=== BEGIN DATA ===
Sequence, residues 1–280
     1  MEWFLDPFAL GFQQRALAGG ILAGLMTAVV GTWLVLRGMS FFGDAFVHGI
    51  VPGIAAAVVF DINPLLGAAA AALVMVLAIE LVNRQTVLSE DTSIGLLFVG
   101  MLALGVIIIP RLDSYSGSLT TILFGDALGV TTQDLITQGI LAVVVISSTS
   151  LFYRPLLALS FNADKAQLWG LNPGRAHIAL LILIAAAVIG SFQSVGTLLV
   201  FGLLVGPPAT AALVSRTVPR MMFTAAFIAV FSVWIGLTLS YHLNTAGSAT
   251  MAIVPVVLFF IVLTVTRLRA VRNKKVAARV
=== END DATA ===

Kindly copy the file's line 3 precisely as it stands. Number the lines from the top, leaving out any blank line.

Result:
    51  VPGIAAAVVF DINPLLGAAA AALVMVLAIE LVNRQTVLSE DTSIGLLFVG